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Why Technicial Training Often Does Not Work

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There is a shortage of techs in the auto repair industry. This is undeniable. America needs good skilled workers to repair cars, and there aren’t enough of them. Previously we’ve discussed many reasons for why there is a shortage. This includes pay, benefits, tool expectations, and a host of other factors including training. One aspect of training that we haven’t talked about is that often it’s not enough. Even when techs complete their technical training, sometimes they still fail on the job. Why is this?

Generational conflict is something that the media likes to play up, but there are some real differences between Millennials and Baby Boomers and other generations. Much of that is based on how they were raised. Millennials grew up in a position of relative privilege compared to Boomers. Many of them didn’t have jobs as children. They didn’t have paper routes or have to take care of younger siblings or do farm chores. They may have had part-time jobs, but they didn’t grow up with the same “work or starve” work ethic that parents who had gone through the Great Depression and World War II instilled in their kids. 

Baby Boomers also moved out of their parents’ houses and started families earlier, often in their teens or early twenties, so they had a huge incentive to find work and work hard at their jobs. They didn’t want their families to go hungry. Many of them had learned very practical skills in their younger years that they applied to fixing cars. Car repair was also much more straightforward and mechanical before the computer revolution.

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In comparison, by the time Millennials left high school, few of them had learned practical skills like cooking, home repair, basic carpentry, or mechanical skills. The jobs they’ve had are more likely to have been customer service jobs instead of manual labor. At age 20, many of today’s workers lack the skills that older generations had before they even entered high school, let alone the workforce. 

Another reason technical training fails is because of shortened attention spans. Due to the influence of television and now ever-present technology, younger people need more stimulation for something to hold their interest. Everyone in America with access to TV and smartphones has been trained, in a sense, to expect greater stimulation and avoid books or topics or jobs that require you to really pay attention, but Millennials never knew a life before microwave ovens and TV remotes. They’ve spent years playing video games, surfing the web, and watching streaming, on-demand TV. To do a job that requires real problem solving, being able to concentrate on an issue for a significant amount of time is a real asset. If you can’t focus and stay focused, you can’t fix cars.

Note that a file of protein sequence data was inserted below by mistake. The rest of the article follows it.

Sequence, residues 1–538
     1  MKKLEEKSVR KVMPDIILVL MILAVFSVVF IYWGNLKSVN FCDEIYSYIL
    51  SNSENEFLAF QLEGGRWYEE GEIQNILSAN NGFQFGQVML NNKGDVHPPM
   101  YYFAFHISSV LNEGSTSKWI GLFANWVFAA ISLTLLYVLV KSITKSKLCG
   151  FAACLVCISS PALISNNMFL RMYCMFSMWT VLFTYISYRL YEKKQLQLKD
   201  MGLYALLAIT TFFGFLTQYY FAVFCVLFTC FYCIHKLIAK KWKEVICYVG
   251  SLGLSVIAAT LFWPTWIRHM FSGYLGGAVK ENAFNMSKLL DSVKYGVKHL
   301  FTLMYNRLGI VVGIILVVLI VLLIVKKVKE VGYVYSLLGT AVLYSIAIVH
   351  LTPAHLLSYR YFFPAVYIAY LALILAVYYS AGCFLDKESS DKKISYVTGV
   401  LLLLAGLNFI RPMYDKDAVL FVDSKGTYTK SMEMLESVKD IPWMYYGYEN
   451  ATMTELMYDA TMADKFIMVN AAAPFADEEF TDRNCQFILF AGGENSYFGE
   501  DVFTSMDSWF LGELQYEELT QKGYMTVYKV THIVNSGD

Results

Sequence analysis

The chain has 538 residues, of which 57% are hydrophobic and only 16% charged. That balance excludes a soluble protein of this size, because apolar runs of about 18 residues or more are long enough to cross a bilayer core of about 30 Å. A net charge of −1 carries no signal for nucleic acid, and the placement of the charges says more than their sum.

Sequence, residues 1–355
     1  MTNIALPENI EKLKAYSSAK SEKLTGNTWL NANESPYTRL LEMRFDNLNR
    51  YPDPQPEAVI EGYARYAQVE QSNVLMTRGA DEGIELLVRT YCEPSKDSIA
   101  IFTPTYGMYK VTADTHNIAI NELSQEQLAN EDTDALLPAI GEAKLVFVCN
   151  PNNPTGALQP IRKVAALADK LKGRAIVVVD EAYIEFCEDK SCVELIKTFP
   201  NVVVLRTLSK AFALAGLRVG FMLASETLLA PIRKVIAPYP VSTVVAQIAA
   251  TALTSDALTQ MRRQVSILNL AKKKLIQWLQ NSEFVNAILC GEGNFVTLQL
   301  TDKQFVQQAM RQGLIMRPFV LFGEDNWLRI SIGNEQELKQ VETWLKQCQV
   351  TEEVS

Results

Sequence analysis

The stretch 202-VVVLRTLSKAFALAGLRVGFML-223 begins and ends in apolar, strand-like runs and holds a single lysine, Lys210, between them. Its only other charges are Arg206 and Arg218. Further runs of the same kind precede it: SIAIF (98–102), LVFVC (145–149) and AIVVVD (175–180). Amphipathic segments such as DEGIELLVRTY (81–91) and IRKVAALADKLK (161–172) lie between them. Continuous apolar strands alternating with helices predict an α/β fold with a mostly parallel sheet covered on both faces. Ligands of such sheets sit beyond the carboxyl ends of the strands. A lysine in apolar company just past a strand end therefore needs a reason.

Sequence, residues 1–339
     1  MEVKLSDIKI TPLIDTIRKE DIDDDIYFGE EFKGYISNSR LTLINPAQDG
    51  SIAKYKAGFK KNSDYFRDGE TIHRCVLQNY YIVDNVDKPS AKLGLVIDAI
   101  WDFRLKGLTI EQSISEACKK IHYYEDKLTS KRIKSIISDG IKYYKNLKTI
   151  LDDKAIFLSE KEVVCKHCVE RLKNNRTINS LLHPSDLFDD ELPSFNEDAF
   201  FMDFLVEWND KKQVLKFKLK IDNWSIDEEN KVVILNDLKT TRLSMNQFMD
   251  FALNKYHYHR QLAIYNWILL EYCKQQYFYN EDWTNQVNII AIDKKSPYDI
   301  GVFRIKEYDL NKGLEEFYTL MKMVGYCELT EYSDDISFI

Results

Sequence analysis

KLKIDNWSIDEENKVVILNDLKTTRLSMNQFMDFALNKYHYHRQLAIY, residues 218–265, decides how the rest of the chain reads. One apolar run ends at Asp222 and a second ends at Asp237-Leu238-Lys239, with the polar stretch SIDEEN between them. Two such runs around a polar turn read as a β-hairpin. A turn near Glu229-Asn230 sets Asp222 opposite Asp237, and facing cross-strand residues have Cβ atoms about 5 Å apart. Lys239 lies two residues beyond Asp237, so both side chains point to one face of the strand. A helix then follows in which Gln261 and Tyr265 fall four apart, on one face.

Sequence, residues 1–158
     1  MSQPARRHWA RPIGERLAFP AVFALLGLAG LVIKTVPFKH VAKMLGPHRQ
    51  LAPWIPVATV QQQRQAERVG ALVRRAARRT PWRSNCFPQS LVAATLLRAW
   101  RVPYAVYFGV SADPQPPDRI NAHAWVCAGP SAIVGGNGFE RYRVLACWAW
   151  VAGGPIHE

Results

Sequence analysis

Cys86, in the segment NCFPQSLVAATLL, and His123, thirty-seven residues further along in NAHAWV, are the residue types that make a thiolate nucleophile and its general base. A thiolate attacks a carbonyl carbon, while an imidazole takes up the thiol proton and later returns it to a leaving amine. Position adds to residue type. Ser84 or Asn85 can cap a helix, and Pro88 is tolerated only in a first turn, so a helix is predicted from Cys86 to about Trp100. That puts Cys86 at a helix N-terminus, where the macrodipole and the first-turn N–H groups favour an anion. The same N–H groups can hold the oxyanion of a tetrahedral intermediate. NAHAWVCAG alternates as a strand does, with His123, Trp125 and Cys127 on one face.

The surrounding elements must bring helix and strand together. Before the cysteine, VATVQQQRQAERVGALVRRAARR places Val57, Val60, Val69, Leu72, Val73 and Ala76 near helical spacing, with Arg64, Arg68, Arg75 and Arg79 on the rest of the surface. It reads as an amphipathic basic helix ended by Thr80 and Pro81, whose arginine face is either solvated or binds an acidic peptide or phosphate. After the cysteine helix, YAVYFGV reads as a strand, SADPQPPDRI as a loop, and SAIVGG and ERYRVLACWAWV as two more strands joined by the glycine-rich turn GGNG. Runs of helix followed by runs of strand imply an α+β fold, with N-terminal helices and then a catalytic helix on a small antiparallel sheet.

Finally, education over the years has been made deliberately less challenging, from kindergarten to higher education. Students now enter college unable to do simple algebra. They have to take remedial courses in English and math just to begin their core coursework. And they still can’t write well or do the kind of basic math that was drilled into earlier generations. Schools once taught logic courses, classic literature, problem solving, and life skills like baking, sewing, and auto shop. Many of these have been abandoned as old-fashioned or not engaging enough for students.

Also, so much information is available at the tip of our fingers now. We can search a few keywords on Google and get the answers to our questions in seconds or minutes. Younger people haven’t been trained to dig to find answers and keep digging even when it takes time and is difficult. Writing a research paper in 1970 or 1990 was a lot harder and more time consuming than it is now because nothing was computerized and you had to use resources that required concentration and patience in order to get the information you needed.

Auto techs can finish high school and then enroll in and complete a trade school program, but the instruction they receive there may not be enough to make up for the lack of solid learning and life experience that being a successful auto repair tech requires. This is something that few people in the auto repair industry want to talk about, but it’s a huge factor in why technical training is often not enough to produce techs who are capable of solving problems, staying on task, and showing up to work every day. 



  1. “Students now enter college unable to do simple algebra.” Is this a fact? Seems like the older generation just complaining. Lazy people are of all ages, I don’t see it as a generation problem. If anything I think the younger generation has the ability to learn quicker because of how they use the internet.

  2. This article is spot on in a lot of ways. But we have to embrace the way they learn and motivate them to find the passion in repairs. We can not treat them as professional techs right out of school. I have worked as an Educator in Higher Education in the field of Diesel Technology. Their is not one answer to this dilemma. But we can start by adjusting our expectations to what type of candidates we have coming into the industry. Since they learn and develop differently, we will see that only the self motivators will survive.

  3. This article is spot on!! Younger techs want a quick fix and move on to the next repair. Most will punt on a problem if a parts replacement fails to fix it.
    Not sure how the really tough problems will get fixed when us old guys are gone!